You think you’re so important. You’re waiting for the universe and all of its secrets to be revealed to you. You want to know. You want to be sure. You want to be able to predict when and how and why the good and bad things happen so that you can align yourself with the good things and avoid the bad things. That’s what you want.
At least that’s what your ego wants. It thinks it wants to know everything. It thinks it wants all happiness and no sadness, but that is like saying you would like all happy songs and no sad ones. You know that’s not true. In fact, if you got that, eventually you’d grow to hate the happy songs. You’d violently destroy them as soon as anyone tried to play one. But why? They’re happy songs?
Happy isn’t a thing unto itself. Happy is a judgment about something. So a song can have happy lyrics and a pleasant upbeat and you can still find it depressing. You can still judge it as bad. As we know, most Western teens go through a dark period where they absolutely love songs that are all about death and anger and morbid things. So happiness and sadness are like a filter you place over the world. The world is the world.
The filter is what the Buddhists call The Illusion. The point isn’t to make the illusion go away. The point is to see through it. To recognize both its natural existence and its flexibility. The world will cause existence to be, but we are the ones who are responsible for our reactions to that existence. This is why there are people who seem to have it all going for them and yet they are unhappy, while there are other people living in destitute conditions and yet they are gloriously happy. Do you get it? There’s a great lesson in that. Why are some of the destitute people happy when the rich ones aren’t?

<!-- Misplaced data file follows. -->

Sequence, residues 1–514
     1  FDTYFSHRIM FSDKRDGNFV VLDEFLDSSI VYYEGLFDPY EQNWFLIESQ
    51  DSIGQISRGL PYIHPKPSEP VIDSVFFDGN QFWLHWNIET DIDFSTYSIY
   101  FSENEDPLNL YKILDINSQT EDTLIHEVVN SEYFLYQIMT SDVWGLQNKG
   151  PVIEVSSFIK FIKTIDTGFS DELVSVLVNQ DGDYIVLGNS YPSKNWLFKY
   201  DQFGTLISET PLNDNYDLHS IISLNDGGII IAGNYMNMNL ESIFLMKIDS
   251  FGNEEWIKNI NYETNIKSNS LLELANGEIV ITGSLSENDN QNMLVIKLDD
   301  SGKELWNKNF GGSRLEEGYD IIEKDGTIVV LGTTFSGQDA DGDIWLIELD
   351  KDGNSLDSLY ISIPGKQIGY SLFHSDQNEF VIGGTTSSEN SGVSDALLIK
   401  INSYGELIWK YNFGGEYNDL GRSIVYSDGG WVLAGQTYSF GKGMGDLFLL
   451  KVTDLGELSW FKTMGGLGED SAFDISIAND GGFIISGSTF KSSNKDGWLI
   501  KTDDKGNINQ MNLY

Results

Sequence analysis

It’s not that the rich people got the sad songs. No. They got the happy ones. They could afford to be safe and fed and pampered and luxuriated. It’s the poor people that got the sad songs. They got the fear and unfairness and the cruelty. So why are the poor just as likely to sing as the rich? Because it’s not the poor or the rich or who are happy or sad, it’s the people that want who are sad and the people who accept and show gratitude who are rich, whether they have money or not.
If you want your life and the world to be different than it is then you are doomed to live an emotional roller-coaster of dissatisfaction, frustration, anger and sadness. But if you accept that your life will include some mystery, and some sad songs, that acceptance will help create a great poignancy in the gap between the sad songs and the happy ones. By not arguing with that reality you can instead immerse yourself in it. And in doing so we realize that we never needed all of the songs to be happy ones. We just needed to be happy there were songs at all.
You don’t need to figure a bunch of things out. Not how to be enlightened, nor happy. Instead, just listen carefully to the world. It’s singing to you every day. All you need to be is quiet enough to hear it so that you can add your voice to the music that is the universe.
Following a serious childhood brain injury Scott McPherson unwittingly spent his entire life meditating on the concepts of thought, consciousness, reality and the self. This made him as strange to others as they were to him. Seeing the self-harm people created with their own overthinking, Scott dedicated part of his life to helping others live with greater awareness. He is currently a writer, speaker and mindfulness instructor based in Edmonton, AB, where he finds it strange to write about himself in the third person.